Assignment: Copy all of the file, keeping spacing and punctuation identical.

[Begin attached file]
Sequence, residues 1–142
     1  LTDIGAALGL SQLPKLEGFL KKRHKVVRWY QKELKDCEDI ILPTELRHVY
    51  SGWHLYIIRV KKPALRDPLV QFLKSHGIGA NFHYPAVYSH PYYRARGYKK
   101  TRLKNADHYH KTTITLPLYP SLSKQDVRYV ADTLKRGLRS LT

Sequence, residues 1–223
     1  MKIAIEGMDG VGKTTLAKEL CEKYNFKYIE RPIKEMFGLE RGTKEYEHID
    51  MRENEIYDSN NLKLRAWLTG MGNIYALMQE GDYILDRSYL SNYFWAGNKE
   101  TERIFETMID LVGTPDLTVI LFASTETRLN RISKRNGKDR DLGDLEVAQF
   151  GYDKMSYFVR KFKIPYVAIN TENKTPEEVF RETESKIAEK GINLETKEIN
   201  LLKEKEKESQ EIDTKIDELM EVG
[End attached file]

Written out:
Sequence, residues 1–142
     1  LTDIGAALGL SQLPKLEGFL KKRHKVVRWY QKELKDCEDI ILPTELRHVY
    51  SGWHLYIIRV KKPALRDPLV QFLKSHGIGA NFHYPAVYSH PYYRARGYKK
   101  TRLKNADHYH KTTITLPLYP SLSKQDVRYV ADTLKRGLRS LT

Sequence, residues 1–223
     1  MKIAIEGMDG VGKTTLAKEL CEKYNFKYIE RPIKEMFGLE RGTKEYEHID
    51  MRENEIYDSN NLKLRAWLTG MGNIYALMQE GDYILDRSYL SNYFWAGNKE
   101  TERIFETMID LVGTPDLTVI LFASTETRLN RISKRNGKDR DLGDLEVAQF
   151  GYDKMSYFVR KFKIPYVAIN TENKTPEEVF RETESKIAEK GINLETKEIN
   201  LLKEKEKESQ EIDTKIDELM EVG